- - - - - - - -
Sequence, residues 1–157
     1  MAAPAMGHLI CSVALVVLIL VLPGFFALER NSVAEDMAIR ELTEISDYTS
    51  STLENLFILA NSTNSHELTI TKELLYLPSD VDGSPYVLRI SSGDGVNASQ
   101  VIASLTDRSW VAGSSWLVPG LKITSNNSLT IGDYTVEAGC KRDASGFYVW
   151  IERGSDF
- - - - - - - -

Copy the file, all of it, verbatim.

Sequence, residues 1–157
     1  MAAPAMGHLI CSVALVVLIL VLPGFFALER NSVAEDMAIR ELTEISDYTS
    51  STLENLFILA NSTNSHELTI TKELLYLPSD VDGSPYVLRI SSGDGVNASQ
   101  VIASLTDRSW VAGSSWLVPG LKITSNNSLT IGDYTVEAGC KRDASGFYVW
   151  IERGSDF